Ode on a Grecian Urn Summary

"Ode on a Grecian Urn" is a poem by John Keats in which the speaker admires an ancient Grecian urn and meditates on the nature of truth and beauty.

  • In the first stanza, the speaker describes the scenes depicted on the urn: a party, a group of musicians, and a ritual slaughter.

  • In the second through fourth stanzas, the speaker describes the scenes in detail. He lingers on the scene of the party, where several amorous men pursue women.

  • In the final stanza, the speaker states that if the urn could speak for itself, it would declare, "Beauty is truth, and truth beauty."


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An ode, typically a lengthy lyric poem dealing with lofty emotions, is dignified in style and serious in tone. Lyric poems, in general, explore elusive inner feelings. John Keats, a widely admired poet of the English Romantic period, composed his “Ode on a Grecian Urn” in five stanzas (sections), each containing ten lines of rhymed iambic pentameter. Keats invented his own rhyme scheme for the ode.

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In stanza one, the poet speaks of a ceramic urn from ancient Greece; such urns often were used to hold the ashes of the dead and were decorated with scenes from daily life or from myth and legend. The imaginary urn of “Ode on a Grecian Urn” is a composite of several urns that Keats probably had seen at the British Museum or in books. He also might have been influenced by the Elgin Marbles, decorated portions of the Parthenon in Athens that had been brought to England, not without much controversy, in the early nineteenth century. One could thus imagine the poet either standing in front of a museum exhibit or looking at an illustration in an art book.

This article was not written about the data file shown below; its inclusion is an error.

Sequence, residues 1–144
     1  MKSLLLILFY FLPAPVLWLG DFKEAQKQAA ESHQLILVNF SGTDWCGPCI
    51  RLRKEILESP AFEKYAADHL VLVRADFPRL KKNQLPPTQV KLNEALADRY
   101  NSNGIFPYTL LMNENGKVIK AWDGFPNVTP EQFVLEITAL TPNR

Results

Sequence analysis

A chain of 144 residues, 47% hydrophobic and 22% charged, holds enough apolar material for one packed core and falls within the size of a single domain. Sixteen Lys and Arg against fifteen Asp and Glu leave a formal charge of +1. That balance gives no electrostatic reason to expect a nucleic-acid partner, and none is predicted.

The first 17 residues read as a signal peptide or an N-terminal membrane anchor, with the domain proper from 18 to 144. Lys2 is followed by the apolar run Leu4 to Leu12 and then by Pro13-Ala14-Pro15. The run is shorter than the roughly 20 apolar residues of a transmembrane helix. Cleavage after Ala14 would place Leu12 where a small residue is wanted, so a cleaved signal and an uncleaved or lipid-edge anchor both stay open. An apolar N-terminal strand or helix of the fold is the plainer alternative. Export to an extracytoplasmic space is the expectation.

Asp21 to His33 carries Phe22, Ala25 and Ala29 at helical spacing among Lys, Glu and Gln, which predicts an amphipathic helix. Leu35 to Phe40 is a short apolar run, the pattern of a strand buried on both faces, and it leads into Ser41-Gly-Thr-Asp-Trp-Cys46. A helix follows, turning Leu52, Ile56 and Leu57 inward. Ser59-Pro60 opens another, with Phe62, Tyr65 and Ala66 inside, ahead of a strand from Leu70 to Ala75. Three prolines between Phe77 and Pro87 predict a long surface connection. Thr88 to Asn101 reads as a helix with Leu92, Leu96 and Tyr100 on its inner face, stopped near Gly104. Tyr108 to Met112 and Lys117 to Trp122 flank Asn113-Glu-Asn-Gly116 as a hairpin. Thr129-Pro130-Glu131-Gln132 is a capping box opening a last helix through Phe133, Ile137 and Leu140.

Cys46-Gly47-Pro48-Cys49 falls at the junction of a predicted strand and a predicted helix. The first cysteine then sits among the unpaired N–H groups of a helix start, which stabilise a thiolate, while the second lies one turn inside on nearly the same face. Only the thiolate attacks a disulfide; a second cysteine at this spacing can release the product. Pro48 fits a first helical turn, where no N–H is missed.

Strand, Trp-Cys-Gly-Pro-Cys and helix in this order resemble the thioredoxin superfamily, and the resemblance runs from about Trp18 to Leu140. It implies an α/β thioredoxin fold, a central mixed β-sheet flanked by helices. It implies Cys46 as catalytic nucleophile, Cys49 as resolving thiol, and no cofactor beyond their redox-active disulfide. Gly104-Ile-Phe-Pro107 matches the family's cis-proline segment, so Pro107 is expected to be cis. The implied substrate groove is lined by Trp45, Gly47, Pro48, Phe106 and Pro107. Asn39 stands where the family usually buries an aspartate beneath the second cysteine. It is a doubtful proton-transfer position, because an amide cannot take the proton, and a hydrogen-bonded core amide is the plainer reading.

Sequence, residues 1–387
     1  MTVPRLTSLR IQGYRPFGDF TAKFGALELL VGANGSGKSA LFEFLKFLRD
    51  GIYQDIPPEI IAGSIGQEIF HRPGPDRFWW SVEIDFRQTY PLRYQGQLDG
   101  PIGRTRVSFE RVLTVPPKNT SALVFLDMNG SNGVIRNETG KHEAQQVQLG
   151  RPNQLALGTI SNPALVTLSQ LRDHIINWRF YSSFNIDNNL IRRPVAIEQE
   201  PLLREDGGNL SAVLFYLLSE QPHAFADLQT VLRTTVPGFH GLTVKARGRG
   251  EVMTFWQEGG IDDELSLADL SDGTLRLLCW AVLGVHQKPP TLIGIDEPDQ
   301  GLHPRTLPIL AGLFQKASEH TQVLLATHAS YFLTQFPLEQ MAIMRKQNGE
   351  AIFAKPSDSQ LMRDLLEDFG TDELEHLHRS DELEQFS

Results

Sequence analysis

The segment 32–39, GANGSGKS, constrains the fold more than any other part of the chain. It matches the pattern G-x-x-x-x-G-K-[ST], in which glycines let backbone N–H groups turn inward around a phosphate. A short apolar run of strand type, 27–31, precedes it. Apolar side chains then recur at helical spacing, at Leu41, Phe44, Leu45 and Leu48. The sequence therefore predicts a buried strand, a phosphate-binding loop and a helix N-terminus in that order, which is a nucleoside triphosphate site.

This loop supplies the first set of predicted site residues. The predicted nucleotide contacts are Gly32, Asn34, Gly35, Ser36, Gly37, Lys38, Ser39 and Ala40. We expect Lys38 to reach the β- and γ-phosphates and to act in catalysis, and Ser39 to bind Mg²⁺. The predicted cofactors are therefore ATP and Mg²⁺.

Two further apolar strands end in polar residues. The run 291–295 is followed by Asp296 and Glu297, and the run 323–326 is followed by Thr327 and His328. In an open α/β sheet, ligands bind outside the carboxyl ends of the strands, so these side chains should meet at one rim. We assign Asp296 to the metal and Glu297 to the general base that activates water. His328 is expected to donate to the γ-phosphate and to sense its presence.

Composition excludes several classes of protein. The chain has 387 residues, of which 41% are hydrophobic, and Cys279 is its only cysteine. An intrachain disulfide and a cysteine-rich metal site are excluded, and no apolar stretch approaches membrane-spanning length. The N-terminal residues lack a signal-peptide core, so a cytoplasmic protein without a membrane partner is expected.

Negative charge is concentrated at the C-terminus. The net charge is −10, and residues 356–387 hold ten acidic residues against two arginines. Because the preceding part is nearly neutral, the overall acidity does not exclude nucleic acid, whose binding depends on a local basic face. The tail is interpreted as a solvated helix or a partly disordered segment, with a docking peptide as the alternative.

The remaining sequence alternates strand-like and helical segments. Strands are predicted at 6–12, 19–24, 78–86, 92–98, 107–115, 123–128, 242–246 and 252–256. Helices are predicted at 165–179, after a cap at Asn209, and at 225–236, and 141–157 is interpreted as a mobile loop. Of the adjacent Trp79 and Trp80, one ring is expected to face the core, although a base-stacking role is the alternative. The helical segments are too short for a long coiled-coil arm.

In describing the urn, Keats is reflecting on what he sees, engaging in an internal debate. The term “ekphrasis” means a description of or a meditation on a visual work of art; there exist examples of ekphrasis in literature from the classical to the modern. The poet is impressed with the antiquity of the urn and its pictured scenes, images that appear to affect the poet more strongly than do the poem’s words—the poet, though, seems unsure of the exact legend being conveyed by the pictured scenes. The urn depicts several scenes, including a wild party in which men chase after girls, the playing of musical instruments such as pipes and timbrels (tambourine-like percussion instruments), and a sacrificial ritual. The poet is impressed by both the frenzy of action on the urn and the urn’s status as a still object—an artifact quietly persisting for ages—but is frustrated by the silent urn’s inability to answer questions.

In stanza two, the poet addresses particular parts of the urn’s images—the pipes and their imagined melodies and a lover attempting to kiss the maiden—and comments on their eternal sameness. He notes that although the melodies being played by the pipers on the urn cannot be heard, this silence is somehow better, perhaps because the melodies dwell in a higher part of the mind, or the imagination or fancy, as this part of the mind had been termed at the time: “Heard melodies are sweet, but those unheard/ Are sweeter.”

The poet also addresses the youthful lover, presumably one of the pursuing men of stanza one. Though this lover will never catch his maiden for a kiss, she can never fade nor ever become less than fair, thus implying that the imagined world on the vase is superior to the real world of experience.

In stanza three, the poet seems to envy the figures fixed on the urn, whose happiness and love will remain forever. To some readers, however, the middle of the stanza shows the poet, in his progressive reflection on the urn, not so sure of the superiority of art (the pictorial representation on the urn) to experience. The repetitive language here is perhaps indicating an ironic tone, and there is a release from a rapt contemplation of the urn.

In stanza four,...

(The entire section contains 4531 words.)

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